Oceanside Elementary School students perform a First Nations dance during a ceremony at Errington Elementary School on Thursday, Feb. 1. — Adam Kveton Photo

Errington school celebrates First Nations paddle teachings

Indigenous artist gifts paddle to school after teaching students

  • Feb. 8, 2018 12:00 a.m.

Errington Elementary School students, along with some counterparts from Oceanside Elementary, honoured First Nation paddle teachings — and celebrated the paddle local Indigenous artist Bill Helin created for the school — in a ceremony held on Thursday, Feb. 1.

Part of a two-year planning project by Errington Elementary focusing on First Nations teachings, the overall message of the paddle teachings is one of unifying people in a journey of education and life, said Helin.

Of Tsimshian ancestry from northwestern B.C., Helin said, “The paddle is a real integral part of the journey in our society and the journey in life.”

Used both as a tool for travelling across the water and as weapons, paddles would be raised upwards as one entered the territory of another Indigenous group as a sign of peace, and to show one’s individual life crest, he said.

“(The crest) represented their tribal roots, and so that was a big part of (students’) understanding, is that everybody has a choice in what type of animal is their favourite, whereas Aboriginal people usually have a selected and gifted hereditary system that passes on an animal crest.”

As part of that understanding, each student chose an animal and painted it on a miniature paddle of their own, and helped to create a paddle that represents their class.

In addition to these cultural teachings, students also learned about carving tools as techniques from Helin, when he carved the school’s paddle in October as an artist in residence.

“All classes spent time watching Bill Helin carve our school paddle, asking questions, helping as a carver helper or with photography,” said Janet Richards, Errington’s teacher librarian, who was involved in organizing the program.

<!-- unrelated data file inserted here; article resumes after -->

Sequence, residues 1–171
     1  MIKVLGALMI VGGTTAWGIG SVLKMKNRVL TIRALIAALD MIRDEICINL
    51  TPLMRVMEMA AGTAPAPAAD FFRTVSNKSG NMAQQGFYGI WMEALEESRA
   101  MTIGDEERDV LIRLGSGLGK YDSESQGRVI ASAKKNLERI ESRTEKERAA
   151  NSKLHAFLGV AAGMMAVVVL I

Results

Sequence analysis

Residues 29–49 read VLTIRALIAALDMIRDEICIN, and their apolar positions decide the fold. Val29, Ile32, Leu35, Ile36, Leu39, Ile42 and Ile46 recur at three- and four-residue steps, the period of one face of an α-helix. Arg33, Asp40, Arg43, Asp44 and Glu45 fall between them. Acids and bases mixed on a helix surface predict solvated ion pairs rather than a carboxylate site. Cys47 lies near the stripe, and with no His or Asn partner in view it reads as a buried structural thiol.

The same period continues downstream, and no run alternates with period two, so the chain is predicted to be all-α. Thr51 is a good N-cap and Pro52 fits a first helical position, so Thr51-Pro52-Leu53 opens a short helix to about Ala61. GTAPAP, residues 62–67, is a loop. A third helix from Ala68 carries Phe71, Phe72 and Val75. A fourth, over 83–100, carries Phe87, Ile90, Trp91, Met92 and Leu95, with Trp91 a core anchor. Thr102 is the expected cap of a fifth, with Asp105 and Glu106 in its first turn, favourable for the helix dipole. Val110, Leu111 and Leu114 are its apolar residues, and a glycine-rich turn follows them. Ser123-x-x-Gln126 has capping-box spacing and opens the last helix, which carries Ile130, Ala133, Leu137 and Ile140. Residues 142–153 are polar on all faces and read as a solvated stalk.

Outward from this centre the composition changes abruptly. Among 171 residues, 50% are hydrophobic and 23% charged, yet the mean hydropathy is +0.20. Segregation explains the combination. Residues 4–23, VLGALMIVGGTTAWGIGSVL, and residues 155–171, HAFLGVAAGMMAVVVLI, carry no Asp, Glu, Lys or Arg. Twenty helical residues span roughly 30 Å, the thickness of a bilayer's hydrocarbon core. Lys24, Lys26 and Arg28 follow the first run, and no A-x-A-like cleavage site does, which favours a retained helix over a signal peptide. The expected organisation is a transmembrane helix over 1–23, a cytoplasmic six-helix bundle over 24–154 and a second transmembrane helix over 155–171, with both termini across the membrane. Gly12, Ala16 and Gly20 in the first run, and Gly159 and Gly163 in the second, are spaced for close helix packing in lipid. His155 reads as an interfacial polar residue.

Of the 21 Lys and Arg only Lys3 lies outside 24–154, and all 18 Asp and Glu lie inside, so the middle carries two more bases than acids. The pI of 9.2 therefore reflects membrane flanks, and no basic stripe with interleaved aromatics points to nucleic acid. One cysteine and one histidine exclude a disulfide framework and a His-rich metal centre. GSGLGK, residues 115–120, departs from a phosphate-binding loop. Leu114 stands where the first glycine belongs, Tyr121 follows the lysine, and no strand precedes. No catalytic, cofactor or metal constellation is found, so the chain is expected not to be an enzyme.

“These are really great programs just because they do that; they give a real thorough understanding for the kids about what the process is and the respect of the culture,” said Helin.

The design Helin created for the school paddle, at the request of the school, was a representation of a wildcat, the school’s mascot. Helin called the design the first of its kind.

Helin gave the paddle to the school on Feb. 1, when Errington students showed off their classroom paddles and Oceanside Elementary students in the First Nations dance group performed for the school.

Indigenous resource teacher and Qualicum First Nation member Carrie Reid also spoke at the event, discussing how paddles must be respected and cared for, as they come from living things that were sacrificed in the service of taking people where they need to go.

While there are various cultural and artistic aspects to Coast Salish paddles, they are of course an important tool, said Reid.

“Traditionally… it’s like your tires on your vehicle,” she said. “You can’t operate a canoe without one. It was a really important tool, so you had to look after it.”

Some of the lessons Errington students learned about the paddles went beyond the cultural and artistic. Reid spoke to students about the physics of paddles, discussing their different shapes and lengths, and the reasons for each, often having to do with the type of water being paddling through, she said.

Another aspect of the paddles Reid discussed at the ceremony was the tradition of hanging paddles in the forest for a month in the winter, which she said was a way of allowing paddles to rest and be with the trees that they came from. But it’s also a time of year where stormy weather makes travelling by canoe dangerous, so people would stay home, she said.

While classes at Errington discussed topics including survival skills, Hul’qami’num words and more in relation to paddles, Reid said there are many more subjects that could be taught through First Nations paddles and canoeing in general.

“There is so much science behind a paddle,” she said. “Like, if you’re paddling through kelp, or if you’re in big ocean water, you don’t have the same paddle as if you’re paddling on a river,” she said. Knowing where is best to sit in your canoe in what situation, or what type of wood to make a paddle out of and why, are more lessons that First Nations knowledge can teach, Reid added.

The paddle teachings are just part of the First Nations programming Errington Elementary School is undertaking, partly in response to the new B.C. curriculum that emphasizes bringing First Nations members and knowledge into classrooms.

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